Can HMRC Take My House For Personal Tax?

If you are wondering whether or not HMRC can take your house to recover your personal tax debt, you will find the answer to this question in the following blog post. In addition to exploring the various circumstances surrounding personal tax owed to HMRC and their consequences, we will also discuss potential alternatives to having your house taken by HMRC or sold in the local market to pay back personal tax dues.

Can HMRC Take My House For Personal Tax?

While HMRC will not take possession of your house if you have personal tax debt; however, they can recover the amount you owe them through the sale of your property, including a house. This is called a “Charging Order” which can be enforced by HMRC in case of the following situations:

  • you owe them a significant amount of tax
  • you have no other assets that HMRC can seize
  • you have refused a payment arrangement with them

However, while charging orders give HMRC the power to recover debts from the sale of a property, these are only enforced under the following conditions:

  • when the owner of the property sells it
  • through a court action of “order for sale”, which instructs the debtor to sell the property

Even then, HMRC will not use a charging order if a debtor has only one house which is their main residence. On the other hand, in case of either of the following circumstances, you can expect that HMRC will take the help of a charging order to recover your personal tax debt:

  • the debtor owns more than one property
  • they have been involved in criminal activity

In most cases, HMRC can ask debtors to release equity from their property to pay back their tax debt and clear any personal tax dues. 

Can I Work Out A Personal Tax Repayment To HMRC Without Selling My House?

Yes, you can work out a personal tax repayment to HMRC in case you owe them money and don’t to sell your house to settle your debt. In this case, HMRC will decide your ability to pay using an “income and expenditure assessment” form. 

To determine your disposable income, this form takes into account your income, disposable assets, and expenditures. 

The standard expectation from HMRC is that you should pay no more than 50% of your disposable income, although this may be higher for those with a very high disposable income. However, there is no maximum time limit for paying off your tax debt. 

That said, if you are struggling to make a tax payment, it is recommended that you contact HMRC to inquire about affordable monthly payment options.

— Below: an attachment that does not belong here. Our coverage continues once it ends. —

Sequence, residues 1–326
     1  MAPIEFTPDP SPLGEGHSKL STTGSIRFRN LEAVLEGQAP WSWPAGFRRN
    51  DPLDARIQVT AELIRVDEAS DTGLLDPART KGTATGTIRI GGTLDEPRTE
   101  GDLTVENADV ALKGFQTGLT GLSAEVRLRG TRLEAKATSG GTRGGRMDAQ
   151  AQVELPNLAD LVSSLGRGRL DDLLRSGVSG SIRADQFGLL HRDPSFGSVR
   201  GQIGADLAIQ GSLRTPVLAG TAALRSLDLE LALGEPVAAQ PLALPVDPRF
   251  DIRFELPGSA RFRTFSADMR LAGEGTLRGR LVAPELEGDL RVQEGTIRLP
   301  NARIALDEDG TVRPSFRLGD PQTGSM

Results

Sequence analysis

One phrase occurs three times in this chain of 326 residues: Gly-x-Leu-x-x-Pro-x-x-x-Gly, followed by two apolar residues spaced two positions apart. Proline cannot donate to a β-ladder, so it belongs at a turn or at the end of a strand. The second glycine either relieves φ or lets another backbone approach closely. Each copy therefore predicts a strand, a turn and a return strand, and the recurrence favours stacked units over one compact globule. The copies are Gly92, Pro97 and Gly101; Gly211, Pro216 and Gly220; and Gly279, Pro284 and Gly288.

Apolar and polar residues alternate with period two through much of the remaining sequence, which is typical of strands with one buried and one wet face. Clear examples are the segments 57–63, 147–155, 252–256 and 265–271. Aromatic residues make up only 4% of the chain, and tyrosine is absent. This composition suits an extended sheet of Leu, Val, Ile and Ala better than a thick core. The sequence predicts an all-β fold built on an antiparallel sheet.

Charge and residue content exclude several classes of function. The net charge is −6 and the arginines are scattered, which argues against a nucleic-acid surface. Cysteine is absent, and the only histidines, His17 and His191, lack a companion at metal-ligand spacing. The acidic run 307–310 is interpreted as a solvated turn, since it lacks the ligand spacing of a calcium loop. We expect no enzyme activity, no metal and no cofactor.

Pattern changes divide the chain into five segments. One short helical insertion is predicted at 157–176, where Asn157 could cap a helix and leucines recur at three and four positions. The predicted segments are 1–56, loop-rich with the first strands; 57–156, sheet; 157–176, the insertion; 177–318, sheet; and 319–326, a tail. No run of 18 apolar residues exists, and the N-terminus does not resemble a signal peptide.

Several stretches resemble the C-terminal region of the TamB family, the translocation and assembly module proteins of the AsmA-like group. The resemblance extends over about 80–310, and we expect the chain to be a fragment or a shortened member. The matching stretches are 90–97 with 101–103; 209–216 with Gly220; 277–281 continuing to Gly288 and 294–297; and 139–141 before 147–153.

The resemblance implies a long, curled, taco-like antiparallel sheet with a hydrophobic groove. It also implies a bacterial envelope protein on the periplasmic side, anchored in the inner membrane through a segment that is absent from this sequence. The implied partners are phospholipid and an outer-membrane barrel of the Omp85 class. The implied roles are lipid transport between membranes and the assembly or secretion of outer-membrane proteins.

Are There Any Other Options For Personal Tax Repayment Without Selling My House?

Yes, depending on your circumstances and the amount of personal tax debt that you owe to HMRC, you can consider other repayment options. 

One of the more debtor-friendly options, in this case, is the Time to Pay arrangement that you may be able to agree upon with the HMRC and be able to repay your tax debt without having to sell your house.

Based on your individual circumstances and ability to make payments without causing financial hardship, a payment plan will be offered to you.

Each Time to Pay arrangement is customized according to the debtor’s unique financial circumstances, so there is no one-size-fits-all approach. HMRC assesses your ability to pay and determines the appropriate timeframe for repayment. 

The arrangement is not rigid and can be modified as needed. If your income increases or you receive unexpected funds, you may be able to shorten the repayment period. Conversely, if your expenses rise or your earnings decrease, you may need to extend the repayment period.


The above discussion helps to conclude that while HMRC may not take your house against personal tax debt; however, your property can be sold under court orders in some cases of tax debt. However, there are many alternatives to such a situation such as working out repayment plans with the HMRC. it is advisable for taxpayers with dues to discuss their circumstances with HMRC and work out a mutually agreeable repayment plan.


What will happen if you do not pay your tax bill – GOV.UK

Can HMRC Take My House in a Joint Name? 2023 Rules

Dealing with income tax arrears – Citizens Advice